These are the 10 geopolitical risks that the world could face in 2021

January 5, 2021 6 min read

This article was translated from our Spanish edition using AI technologies. Errors may exist due to this process.

This story originally appeared on Alto Nivel

This Monday, January 4, the New York-based political risk consultancy Eurasia Group published its annual Top Risks 2021 list . It is a projection of the main challenges that, they estimate, the world will most likely face this year.

“As we begin 2021, the United States is the most powerful, politically divided and economically unequal of the world’s industrial democracies. China is the strongest competitor of the United States, a capitalist state, authoritarian and techno-surveillance regime, of which the majority of G20 countries increasingly distrust ” , the presentation of the report begins.

“Germany and Japan are much more stable, but the most powerful leaders they have both had in decades are either out (former Prime Minister Abe Shinzo) or on their way out (Chancellor Angela Merkel). Russia is in decline and blames the United States and the West for its problems. And the world is going through the worst crisis it has experienced in generations ” , Eurasia Group details before wishing “ happy new year ” .

According to the consultancy, the number one political risk is the victory of Joe Biden in the US presidential elections. The Democratic candidate garnered more popular votes than any other in US history. However, it is also “viewed as illegitimate by about half the country .”

Analysts say that Biden will start with the weakest term since Jimmy Carter in 1976. In addition, he becomes an exponent of the division of the country, which will continue to polarize according to projections.

Second are the long-lasting effects of COVID-19. “Neither the coronavirus nor its broad impacts will disappear once widespread vaccination begins ,” the report states.

The most optimistic believe that life will begin to return to normal in the first half of the year. However, the Eurasia Group predicts that countries will have difficulties meeting vaccination deadlines and the pandemic will leave a legacy of high public debt, displaced workers and loss of confidence.

In third place was the reconfiguration of world climate policies. Biden has said he plans to rejoin the Paris Agreement and commit the world’s largest economy to zero emissions by mid-century or sooner. Despite this, the consulting firm affirms that “the energy transition will be dominated by competition and lack of coordination .”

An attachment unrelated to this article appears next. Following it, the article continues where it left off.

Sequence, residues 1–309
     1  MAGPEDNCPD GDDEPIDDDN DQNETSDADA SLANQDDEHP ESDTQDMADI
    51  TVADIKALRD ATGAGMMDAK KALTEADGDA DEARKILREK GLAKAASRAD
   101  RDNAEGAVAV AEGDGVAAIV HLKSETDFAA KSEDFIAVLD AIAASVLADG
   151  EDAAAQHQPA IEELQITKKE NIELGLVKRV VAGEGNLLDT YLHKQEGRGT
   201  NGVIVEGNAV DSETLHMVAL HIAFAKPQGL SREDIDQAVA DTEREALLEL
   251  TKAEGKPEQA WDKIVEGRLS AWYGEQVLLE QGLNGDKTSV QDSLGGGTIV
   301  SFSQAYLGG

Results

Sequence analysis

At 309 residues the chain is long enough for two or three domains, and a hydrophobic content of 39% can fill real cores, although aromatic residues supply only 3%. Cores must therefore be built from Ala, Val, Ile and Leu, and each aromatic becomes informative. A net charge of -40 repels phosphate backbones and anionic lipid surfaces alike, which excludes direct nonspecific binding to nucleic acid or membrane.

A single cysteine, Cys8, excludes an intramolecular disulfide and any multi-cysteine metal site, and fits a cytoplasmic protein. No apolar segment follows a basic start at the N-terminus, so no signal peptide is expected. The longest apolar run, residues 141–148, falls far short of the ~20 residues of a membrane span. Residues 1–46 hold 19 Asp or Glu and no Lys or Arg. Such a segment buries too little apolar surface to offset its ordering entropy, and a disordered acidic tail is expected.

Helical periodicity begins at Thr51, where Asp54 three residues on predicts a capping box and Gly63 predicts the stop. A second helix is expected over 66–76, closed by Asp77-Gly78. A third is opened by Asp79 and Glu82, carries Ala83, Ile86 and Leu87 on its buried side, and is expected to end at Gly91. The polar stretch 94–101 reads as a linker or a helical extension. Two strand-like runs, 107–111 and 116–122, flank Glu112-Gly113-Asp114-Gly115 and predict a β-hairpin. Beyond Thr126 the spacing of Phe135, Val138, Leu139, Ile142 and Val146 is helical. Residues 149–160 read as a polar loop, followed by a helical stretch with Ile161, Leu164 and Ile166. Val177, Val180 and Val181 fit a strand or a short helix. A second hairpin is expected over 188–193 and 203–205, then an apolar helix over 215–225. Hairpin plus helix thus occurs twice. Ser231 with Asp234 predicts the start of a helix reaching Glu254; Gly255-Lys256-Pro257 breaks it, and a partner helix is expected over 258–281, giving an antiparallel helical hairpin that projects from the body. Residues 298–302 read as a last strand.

Other key risks

Eurasia Group also lists the rise in tensions between the United States and China, as well as the collection of digital data globally. At number six are cyber conflicts capable of creating “unprecedented technological and geopolitical risk .”

Turkey is in seventh place, because “the misadventures of President Erdogan will be a painful boomerang against the economy .” It is followed by the Middle East and low oil prices, which will challenge governments and the stability of the region. In ninth place was the future of Europe when Angela Merkel leaves office as Chancellor of Germany.

What will happen in Latin America?

The region and its “disappointments” were ranked 10th in the main political risks for 2021. “The Middle East is the obvious big loser of the coronavirus crisis, among the regions of the world,” says the consultancy. However, he points out that “Latin America is a clear second (loser) .”

According to Eurasia Group analysts, Latin American countries will not have a wide availability of vaccines against COVID-19. Furthermore, they will not be available to the majority of citizens until the second half of this year.

“They are ill-prepared to deal with another wave of coronavirus before then,” the report states.

Experts also warn that the political, social and economic problems that already existed before the current crisis will worsen in the region. All of this will have repercussions on the politics of Argentina, Mexico, Ecuador, Peru and Chile, countries that will have legislative or presidential elections this year.

“Those five countries have experienced significant fiscal deterioration as a result of increased spending to mitigate the economic impact of the pandemic. Given the increase in poverty, growing inequality and the high unemployment rate, the current weak leaders will not be willing to make politically costly decisions, such as cutting spending on social services, “ says the consultant.

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